Poem of the Week | June 27, 2016

This week, we are proud to present a new poem by Alan Felsenthal. Felsenthal cofounded The Song Cave, a small press. With Ben Estes, he edited A Dark Dreambox of Another Kind: The Poems of Alfred Starr Hamilton. His writing has appeared in BOMB, The Brooklyn Rail, Critical Quarterly, Fence, and Harper’s. His first collection of poems is forthcoming from Ugly Duckling Presse in 2017.
Author’s note:

I know some poets are embarrassed to rhyme. My father’s cousin believes a poem by definition has to rhyme. One poet I know is embarrassed to have a grandmother, let alone write about her. In “The Problem of Rhyme,” I volunteer as the scapegoat; I’ve written a poem featuring both rhyme and a grandmother, to slake the shame of others.

Learning a new language involves learning new rhymes and homonyms. Maze/maize. Kernel/colonel. Before the Nazis, my grandparents lived in a village that the Rhine flows near. Some rivers rhyme. In German, the Rhine and the Main do, and also touch. Visually, too, rivers rhyme, break, and cross throughout the map.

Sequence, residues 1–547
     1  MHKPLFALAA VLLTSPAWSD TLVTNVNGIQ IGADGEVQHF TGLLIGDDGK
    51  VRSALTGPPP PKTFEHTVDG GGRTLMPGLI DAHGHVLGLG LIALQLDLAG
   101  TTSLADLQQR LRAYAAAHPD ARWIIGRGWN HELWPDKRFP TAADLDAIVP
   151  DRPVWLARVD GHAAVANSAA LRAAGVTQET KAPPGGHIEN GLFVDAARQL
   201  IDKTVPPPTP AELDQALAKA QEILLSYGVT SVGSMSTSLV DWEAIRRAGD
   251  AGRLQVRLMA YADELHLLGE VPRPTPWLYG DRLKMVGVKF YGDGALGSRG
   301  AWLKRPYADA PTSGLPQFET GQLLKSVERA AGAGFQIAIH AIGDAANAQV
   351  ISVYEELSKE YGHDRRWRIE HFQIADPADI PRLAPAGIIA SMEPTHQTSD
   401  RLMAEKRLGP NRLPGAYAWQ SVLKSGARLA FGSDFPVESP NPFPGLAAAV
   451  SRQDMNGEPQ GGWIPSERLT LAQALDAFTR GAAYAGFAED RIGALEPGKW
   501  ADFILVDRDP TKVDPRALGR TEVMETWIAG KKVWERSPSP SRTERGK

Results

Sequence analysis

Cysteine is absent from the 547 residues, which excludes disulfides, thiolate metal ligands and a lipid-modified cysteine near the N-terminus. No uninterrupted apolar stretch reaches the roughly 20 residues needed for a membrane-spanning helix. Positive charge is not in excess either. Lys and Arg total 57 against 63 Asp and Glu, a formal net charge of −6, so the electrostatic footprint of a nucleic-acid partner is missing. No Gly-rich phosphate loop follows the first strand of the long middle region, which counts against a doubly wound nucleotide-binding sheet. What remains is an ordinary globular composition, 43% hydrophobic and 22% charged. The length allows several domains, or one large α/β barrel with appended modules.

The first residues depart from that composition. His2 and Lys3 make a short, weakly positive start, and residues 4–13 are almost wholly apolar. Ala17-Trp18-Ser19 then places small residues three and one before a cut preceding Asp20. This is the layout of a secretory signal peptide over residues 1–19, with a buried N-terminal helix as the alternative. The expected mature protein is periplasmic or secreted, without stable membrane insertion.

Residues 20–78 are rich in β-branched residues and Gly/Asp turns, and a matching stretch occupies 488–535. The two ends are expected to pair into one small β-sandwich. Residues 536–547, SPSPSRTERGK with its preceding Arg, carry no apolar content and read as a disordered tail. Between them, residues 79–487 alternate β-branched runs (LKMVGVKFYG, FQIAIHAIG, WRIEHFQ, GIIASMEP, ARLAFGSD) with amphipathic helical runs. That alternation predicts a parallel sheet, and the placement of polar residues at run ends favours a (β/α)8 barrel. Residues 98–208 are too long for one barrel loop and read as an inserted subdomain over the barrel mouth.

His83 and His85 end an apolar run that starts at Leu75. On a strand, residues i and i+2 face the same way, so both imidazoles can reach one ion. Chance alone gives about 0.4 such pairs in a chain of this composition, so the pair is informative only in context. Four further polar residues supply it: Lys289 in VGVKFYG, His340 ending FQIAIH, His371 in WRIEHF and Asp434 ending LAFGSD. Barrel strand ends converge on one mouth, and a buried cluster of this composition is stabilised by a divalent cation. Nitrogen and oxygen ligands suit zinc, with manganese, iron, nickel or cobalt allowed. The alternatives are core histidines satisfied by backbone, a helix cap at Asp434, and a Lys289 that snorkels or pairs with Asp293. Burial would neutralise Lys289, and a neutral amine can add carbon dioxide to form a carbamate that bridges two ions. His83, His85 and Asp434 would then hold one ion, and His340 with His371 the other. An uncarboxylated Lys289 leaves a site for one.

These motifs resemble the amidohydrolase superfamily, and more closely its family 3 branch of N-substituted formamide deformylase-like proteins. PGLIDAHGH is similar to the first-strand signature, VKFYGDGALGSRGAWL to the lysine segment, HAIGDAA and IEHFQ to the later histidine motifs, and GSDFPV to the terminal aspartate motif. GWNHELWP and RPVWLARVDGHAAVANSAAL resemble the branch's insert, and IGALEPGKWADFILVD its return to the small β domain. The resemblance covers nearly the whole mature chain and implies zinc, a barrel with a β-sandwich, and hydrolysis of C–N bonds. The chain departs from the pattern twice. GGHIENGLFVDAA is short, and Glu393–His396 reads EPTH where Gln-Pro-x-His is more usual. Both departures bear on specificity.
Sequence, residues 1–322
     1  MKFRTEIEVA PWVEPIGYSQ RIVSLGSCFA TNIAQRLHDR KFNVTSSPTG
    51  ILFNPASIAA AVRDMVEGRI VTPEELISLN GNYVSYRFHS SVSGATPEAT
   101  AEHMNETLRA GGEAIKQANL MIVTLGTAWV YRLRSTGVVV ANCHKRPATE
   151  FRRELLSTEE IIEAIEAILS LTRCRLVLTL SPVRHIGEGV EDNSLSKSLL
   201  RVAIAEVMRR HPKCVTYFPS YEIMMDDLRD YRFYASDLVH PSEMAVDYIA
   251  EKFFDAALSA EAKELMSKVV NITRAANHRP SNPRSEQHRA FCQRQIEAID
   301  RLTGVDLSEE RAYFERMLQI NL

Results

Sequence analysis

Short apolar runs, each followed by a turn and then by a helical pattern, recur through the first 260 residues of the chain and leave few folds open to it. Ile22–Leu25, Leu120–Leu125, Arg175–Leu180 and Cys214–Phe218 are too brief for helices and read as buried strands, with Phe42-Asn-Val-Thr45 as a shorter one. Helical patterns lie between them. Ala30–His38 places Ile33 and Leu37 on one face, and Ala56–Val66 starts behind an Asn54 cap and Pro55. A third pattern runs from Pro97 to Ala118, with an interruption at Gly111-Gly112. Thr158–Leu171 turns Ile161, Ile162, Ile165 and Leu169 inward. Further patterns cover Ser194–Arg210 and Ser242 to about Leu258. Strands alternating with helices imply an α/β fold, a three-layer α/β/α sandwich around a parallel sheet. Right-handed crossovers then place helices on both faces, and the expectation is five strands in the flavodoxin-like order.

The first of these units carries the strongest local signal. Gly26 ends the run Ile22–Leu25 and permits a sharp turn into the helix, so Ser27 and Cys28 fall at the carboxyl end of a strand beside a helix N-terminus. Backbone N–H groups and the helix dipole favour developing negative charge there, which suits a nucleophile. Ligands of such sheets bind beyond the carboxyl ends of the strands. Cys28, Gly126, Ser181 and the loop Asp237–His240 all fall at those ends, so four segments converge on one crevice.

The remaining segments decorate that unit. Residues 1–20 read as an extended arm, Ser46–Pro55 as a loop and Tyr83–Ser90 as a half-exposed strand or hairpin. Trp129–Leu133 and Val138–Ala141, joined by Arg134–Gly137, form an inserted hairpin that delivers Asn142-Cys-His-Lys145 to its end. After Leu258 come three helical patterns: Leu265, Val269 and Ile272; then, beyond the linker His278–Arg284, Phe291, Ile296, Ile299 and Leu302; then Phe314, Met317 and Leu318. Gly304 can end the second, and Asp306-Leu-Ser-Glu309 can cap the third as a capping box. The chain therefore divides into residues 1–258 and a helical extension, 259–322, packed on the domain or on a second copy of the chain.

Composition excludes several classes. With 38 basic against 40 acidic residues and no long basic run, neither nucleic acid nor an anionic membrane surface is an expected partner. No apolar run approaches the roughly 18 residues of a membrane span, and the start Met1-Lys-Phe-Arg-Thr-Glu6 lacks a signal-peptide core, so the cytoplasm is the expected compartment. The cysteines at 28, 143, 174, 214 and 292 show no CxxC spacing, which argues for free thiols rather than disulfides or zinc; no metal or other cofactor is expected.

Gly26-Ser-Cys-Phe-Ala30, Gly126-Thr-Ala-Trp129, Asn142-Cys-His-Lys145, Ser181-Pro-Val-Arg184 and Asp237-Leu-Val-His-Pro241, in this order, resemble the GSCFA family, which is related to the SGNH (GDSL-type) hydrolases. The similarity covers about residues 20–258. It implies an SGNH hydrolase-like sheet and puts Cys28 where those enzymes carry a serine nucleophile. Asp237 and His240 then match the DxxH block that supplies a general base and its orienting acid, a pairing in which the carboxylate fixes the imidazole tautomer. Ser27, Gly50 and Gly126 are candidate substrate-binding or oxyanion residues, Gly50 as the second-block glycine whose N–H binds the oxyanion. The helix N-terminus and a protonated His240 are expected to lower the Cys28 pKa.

In his ABC’s, Czesław Miłosz mentions “the Rhine’s lofty soul.” One question in this poem is whether it’s okay to drown in a river unworthy of you. I’m not sure.

We’re quite small; even a mild current could overtake most of us. And though I was taught fragility as a child, this poem speaks otherwise; it is about another inheritance—disquiet and learning through mishearing.


The Problem with Rhyme


The problem of rhyme is not
what grandmother spoke
about when she talked
in her German accent.
What she meant,
the problem of Rhine,
sounded more like rime
frosting the banks.
Perhaps the problem
of Rhine had more to do
with rime than rhyme.
I asked if she confused
the words I used
with other words she knew.
This lapse expanded
with each utterance
the time it takes for what
one means to make pure
sense to the other.
“My mother
grew this stutter,”
she sighed, “I could not
understand it was words
until she died.
The problem with Rhine
is no river here stays
worthy of drowning.
When the righteous
leave a place, the place
is diminished,
and a woman is finished
who does not know
it is her time to swim.
When everywhere is
winter, there is
no time to consider
freezing, only harm
in not staying warm.”